MSPs have taken on the role of making sure their customers are operational and able to access their services, a responsibility not to be taken lightly. After all, the services provided to customers are outlined in service-level agreements (SLAs), which can put a significant burden on an MSP if failures occur. Simply put, failure is not an option, especially when it comes to a customer’s data or intellectual property.

The loss of data has a lasting impact on both the MSP its customers and therefore must be taken seriously. The statistics backing that conclusion do not lie, at least according to Washington, D.C.-based research firm Clutch.

  • 60% of SMBs that lose their data will shut down within 6 months
  • 58% of SMBs are not prepared for a data loss
  • 29% of hard drive failures are caused by accident

Data loss is a big deal for businesses, and perhaps even a bigger deal for MSPs that support those businesses. Losing customer data can lead to lawsuits, loss of business, damage to reputation, and numerous other issues from which an MSP may never recover.

However, many customers are very aware of the value of their data and are placing their trust with their selected MSPs. That means MSPs must incorporate technologies and guarantees that will protect customer data and also significantly reduce an MSP’s overall liability.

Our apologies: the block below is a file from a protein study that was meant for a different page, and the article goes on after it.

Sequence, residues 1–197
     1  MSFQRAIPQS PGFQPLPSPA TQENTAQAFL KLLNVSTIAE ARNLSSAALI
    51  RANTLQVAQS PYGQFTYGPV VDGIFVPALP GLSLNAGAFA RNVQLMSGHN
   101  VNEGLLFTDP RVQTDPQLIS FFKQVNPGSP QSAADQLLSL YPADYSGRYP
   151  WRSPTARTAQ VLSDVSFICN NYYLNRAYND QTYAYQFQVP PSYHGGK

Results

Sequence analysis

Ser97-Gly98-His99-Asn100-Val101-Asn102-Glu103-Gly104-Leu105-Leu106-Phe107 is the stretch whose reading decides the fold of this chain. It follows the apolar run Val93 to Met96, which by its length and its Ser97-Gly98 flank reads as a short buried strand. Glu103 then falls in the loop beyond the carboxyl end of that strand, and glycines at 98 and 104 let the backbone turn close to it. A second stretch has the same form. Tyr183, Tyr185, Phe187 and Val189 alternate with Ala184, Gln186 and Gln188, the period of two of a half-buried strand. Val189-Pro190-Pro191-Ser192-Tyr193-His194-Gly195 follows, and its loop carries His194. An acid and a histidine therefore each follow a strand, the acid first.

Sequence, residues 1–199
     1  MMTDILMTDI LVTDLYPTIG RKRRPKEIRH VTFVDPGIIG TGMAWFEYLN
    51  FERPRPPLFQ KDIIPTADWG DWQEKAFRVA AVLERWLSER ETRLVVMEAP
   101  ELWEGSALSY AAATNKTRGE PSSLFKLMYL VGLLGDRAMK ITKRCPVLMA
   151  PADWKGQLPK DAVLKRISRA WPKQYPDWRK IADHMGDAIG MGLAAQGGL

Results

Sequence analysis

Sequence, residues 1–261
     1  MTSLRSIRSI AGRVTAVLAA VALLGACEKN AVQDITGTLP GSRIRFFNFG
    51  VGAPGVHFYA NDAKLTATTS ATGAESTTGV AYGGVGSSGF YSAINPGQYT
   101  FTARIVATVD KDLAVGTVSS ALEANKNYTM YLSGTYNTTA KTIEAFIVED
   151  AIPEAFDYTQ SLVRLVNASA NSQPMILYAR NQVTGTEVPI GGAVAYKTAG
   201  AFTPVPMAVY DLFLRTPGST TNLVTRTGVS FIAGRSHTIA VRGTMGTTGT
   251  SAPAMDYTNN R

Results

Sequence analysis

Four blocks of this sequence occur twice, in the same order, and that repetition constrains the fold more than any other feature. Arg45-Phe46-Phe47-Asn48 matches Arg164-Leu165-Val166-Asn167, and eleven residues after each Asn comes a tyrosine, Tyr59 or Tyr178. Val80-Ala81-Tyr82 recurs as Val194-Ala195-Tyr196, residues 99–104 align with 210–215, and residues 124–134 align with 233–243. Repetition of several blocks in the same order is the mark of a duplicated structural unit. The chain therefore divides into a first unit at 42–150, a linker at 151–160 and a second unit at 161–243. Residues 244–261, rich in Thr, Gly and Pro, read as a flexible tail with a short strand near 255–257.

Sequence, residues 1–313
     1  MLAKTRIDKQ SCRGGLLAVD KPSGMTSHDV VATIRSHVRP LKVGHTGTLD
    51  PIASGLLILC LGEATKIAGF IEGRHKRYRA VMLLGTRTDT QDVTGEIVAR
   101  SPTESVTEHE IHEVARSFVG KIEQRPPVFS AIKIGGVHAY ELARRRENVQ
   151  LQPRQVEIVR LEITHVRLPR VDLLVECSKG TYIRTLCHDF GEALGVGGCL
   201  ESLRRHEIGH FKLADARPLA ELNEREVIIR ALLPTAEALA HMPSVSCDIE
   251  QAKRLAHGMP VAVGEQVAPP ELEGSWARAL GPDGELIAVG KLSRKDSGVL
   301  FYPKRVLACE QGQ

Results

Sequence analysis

Data Loss Comes in Many Forms

For the most part, many assume that data loss is simply defined as data that cannot be recovered, usually due to a drive failure or some other physical event. However, there are other ways data can be lost. Take, for example accidental deletion, where either a mistake is made or faulty software is the culprit. In those cases, the loss of data may have occurred some time ago and no one is aware of the loss — until the data is needed for an occasional process.

Data loss can also take on the form of data leakage, where data is stolen. While the data is technically not lost, the ownership of the data can no longer be guaranteed, meaning that important Intellectual Property (IP) may now be in the hands of those will ill intentions. Data loss can also come in the form of ransomware, where a customer’s data has been encrypted and held for hostage until the customer pays the ransom. Recovering from any of those situations can be a tedious and expensive process, for both the customer and the MSP.

Regardless of the reason for data loss, the MSP is most likely to be held liable, which means MSPs must be vigilant and put in place systems that can protect data, provide disaster recovery services, and secure archives. It all comes down to treating your customer’s data as you would your own.